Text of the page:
Steep Drop in Natural Gas Prices Informs Major Shift at PSEG

Tom Johnson | March 12, 2012 | Energy & Environment
Company tells analysts that power transmission -- not generation -- is focus of future investments

PSEG splash
Upgrades and extensions to the regional power grid are increasingly driving the profits of Public Service Enterprise Group, a reversal of the past trends and one that could have big implications for customers if power prices rise.

Public Service Electric & Gas, the company’s regulated utility, plans to invest a staggering $5.4 billion in its electric and gas transmission and distribution systems over the next three years. Two-thirds of the expenditures are targeted at electric transmission, where the company earns more for every dollar it spends.

The capital expenditures, outlined to energy analysts Friday at the company’s annual investors conference in New York City, underscore how much PSEG’s corporate strategy has changed with the steep drop in prices power suppliers earn from the electricity they produce.

PSEG Power, the company’s unregulated power supplier, is a prime example. It used to soak up the majority of the company’s capital expenditures, and account for the bulk of its earnings. Its capital budget for the next three years is a modest $1.1 billion.

In 2010, PSEG Power earned 69 percent of the company’s profits, compared with 27 percent for the utility. By the end of 2014, PSE&G is expected to provide 53 percent of its earnings, with PSEG Power generating the remaining 47 percent, according to Caroline Dorsa, the company’s chief financial officer.

Paul Patterson, an analyst at Glenrock Associates, said the shift illustrates how the regulated utility industry continues to grow and the prices suppliers get for the electricity they generate continues to plummet. Power prices have dropped because of low natural gas prices.

“It has been a remarkable change,” said Patterson of the reversal in profit drivers for PSEG. “They have done pretty well. It shows the adaptability of the company.”

PSEG map

It also underscores the expansive extent of projects undertaken by PSE&G to upgrade its transmission system, including five major upgrades, all of which have won favorable incentives from the Federal Energy Regulatory Commission.

At the conference, PSEG officials said the investments are driven by mandates from the regional operator of the power grid, PJM Interconnection, to improve reliability as well as replace aging infrastructure.

The investments also will increase the amount of money the utility earns from its transmission system, which sends power from generating stations to substations. By 2014, transmission is expected to make up 41 percent of PSE&G’s rate base, nearly doubling the 21 percent it accounted for in 2011, according to Ralph LaRossa, the president and chief operating officer of the utility.

The amount of money a company earns on its transmission system is decided by FERC. In the past few years, the state Board of Public Utilities and Division of Rate Counsel have protested the federal agency’s handing out of special incentives, saying they should not be awarded to routine maintenance projects.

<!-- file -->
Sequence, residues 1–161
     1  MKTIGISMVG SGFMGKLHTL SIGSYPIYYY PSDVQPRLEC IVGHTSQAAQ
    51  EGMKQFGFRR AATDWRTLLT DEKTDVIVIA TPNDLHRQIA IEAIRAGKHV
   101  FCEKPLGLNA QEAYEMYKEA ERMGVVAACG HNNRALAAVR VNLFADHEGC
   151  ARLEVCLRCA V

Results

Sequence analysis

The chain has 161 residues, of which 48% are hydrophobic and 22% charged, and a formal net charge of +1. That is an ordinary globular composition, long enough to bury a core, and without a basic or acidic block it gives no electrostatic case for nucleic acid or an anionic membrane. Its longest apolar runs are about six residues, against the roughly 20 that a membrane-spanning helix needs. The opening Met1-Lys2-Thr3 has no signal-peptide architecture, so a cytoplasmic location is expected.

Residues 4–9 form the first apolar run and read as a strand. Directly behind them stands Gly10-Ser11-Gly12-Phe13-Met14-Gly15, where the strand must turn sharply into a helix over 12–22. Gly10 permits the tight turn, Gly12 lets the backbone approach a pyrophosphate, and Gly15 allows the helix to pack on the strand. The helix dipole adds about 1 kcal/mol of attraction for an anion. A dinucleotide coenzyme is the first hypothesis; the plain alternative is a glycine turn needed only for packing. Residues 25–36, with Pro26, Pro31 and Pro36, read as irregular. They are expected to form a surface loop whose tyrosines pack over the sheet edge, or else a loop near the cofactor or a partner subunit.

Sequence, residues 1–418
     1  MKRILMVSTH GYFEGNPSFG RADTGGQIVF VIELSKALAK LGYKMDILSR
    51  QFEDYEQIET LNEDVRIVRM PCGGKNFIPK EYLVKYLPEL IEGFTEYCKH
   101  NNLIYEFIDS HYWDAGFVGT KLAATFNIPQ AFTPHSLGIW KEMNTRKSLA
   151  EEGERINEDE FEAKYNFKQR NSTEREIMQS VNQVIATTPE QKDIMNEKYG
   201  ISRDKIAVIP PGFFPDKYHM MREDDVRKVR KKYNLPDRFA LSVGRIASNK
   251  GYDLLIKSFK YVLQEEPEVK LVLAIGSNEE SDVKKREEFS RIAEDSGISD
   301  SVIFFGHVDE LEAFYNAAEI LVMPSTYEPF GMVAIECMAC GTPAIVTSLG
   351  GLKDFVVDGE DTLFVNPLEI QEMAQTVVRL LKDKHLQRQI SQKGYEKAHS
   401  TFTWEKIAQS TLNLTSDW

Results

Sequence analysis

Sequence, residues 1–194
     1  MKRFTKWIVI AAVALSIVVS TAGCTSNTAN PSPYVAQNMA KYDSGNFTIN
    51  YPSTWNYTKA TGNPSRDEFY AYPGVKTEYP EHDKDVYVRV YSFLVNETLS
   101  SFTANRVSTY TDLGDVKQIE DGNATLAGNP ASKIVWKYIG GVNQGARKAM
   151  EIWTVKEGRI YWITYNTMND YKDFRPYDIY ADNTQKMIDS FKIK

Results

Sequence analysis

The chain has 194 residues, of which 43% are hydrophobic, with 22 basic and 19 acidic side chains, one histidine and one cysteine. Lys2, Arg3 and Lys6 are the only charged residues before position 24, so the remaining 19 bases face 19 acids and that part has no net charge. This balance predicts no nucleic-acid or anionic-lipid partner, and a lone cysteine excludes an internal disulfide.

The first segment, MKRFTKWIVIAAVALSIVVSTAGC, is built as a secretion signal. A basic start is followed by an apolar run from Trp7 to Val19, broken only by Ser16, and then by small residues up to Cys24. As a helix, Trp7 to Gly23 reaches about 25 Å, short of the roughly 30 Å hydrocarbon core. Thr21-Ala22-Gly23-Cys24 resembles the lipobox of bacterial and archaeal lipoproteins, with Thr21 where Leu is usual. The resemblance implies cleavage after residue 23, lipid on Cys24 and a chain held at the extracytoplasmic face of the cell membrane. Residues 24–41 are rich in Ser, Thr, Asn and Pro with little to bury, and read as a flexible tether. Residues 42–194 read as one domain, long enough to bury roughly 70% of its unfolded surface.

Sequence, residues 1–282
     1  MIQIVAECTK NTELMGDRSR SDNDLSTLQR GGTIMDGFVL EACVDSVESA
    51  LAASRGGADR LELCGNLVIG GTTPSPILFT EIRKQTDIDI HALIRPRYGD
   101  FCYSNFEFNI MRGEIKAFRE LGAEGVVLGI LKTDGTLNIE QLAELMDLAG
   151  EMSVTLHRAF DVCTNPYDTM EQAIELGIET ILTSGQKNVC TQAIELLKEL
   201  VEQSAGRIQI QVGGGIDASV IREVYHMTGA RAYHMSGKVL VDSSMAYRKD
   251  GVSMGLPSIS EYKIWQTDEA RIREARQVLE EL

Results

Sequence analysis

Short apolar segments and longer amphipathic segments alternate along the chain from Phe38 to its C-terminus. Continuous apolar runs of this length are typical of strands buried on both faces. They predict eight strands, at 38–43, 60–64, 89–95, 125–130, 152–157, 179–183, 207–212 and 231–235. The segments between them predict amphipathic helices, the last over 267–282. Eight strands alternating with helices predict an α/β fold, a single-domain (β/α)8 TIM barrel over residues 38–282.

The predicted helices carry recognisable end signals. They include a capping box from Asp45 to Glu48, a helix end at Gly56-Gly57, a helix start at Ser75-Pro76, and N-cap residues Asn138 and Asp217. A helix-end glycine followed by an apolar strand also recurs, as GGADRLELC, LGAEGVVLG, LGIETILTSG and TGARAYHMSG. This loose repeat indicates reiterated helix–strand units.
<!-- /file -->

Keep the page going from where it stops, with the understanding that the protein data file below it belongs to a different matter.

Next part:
PSEG President and chief executive offficer Ralph Izzo, however, described the FERC decisions as “fair-minded” at the conference.

Further, company executives said lower commodity costs to power-generating stations are expected to offset the impact of the projects on the bills of its 2 million customers. “It’s a small impact on the bill,” LaRossa said.

Nevertheless, the spate of transmission projects have alarmed clean energy advocates and others, who question the need for them and worry they will lead to the wheeling of dirty coal power from the South and Midwest into the region.

The most controversial is the Susquehanna-Roseland project, a $750 million initiative that cuts through three areas of the national park system in the northern New Jersey Highlands. For that 145-mile expansion of a transmission line along an existing right-of-way, the company will earn 12.93 percent rate of return, far higher than the 10.3 percent it receives for projects on its distribution system, which delivers power from local substations to homes and businesses. The utility earns a 11.68 rate of return on its transmission investments.

Besides Susquehanna-Roseland, the utility plans to spend $895 million on its Northeast Grid Reliability project, a power line running from Hudson County to Essex County. Other big transmission projects planned by the utility include the North Central Grid Reliability project, a $390 million venture running from Essex County to Middlesex County; a $381 million project in Burlington and Camden counties; and a $435 million project in Gloucester and Camden counties.

At the conference, the company also announced it was looking at two possible sites, one in Middlesex and the other in Essex counties, to build a possible new gas-fired power plant.

“They are well-positioned to invest in market generation should the prices rebound,” Patterson said. “They’re keeping their powder dry, but they are ready to act.”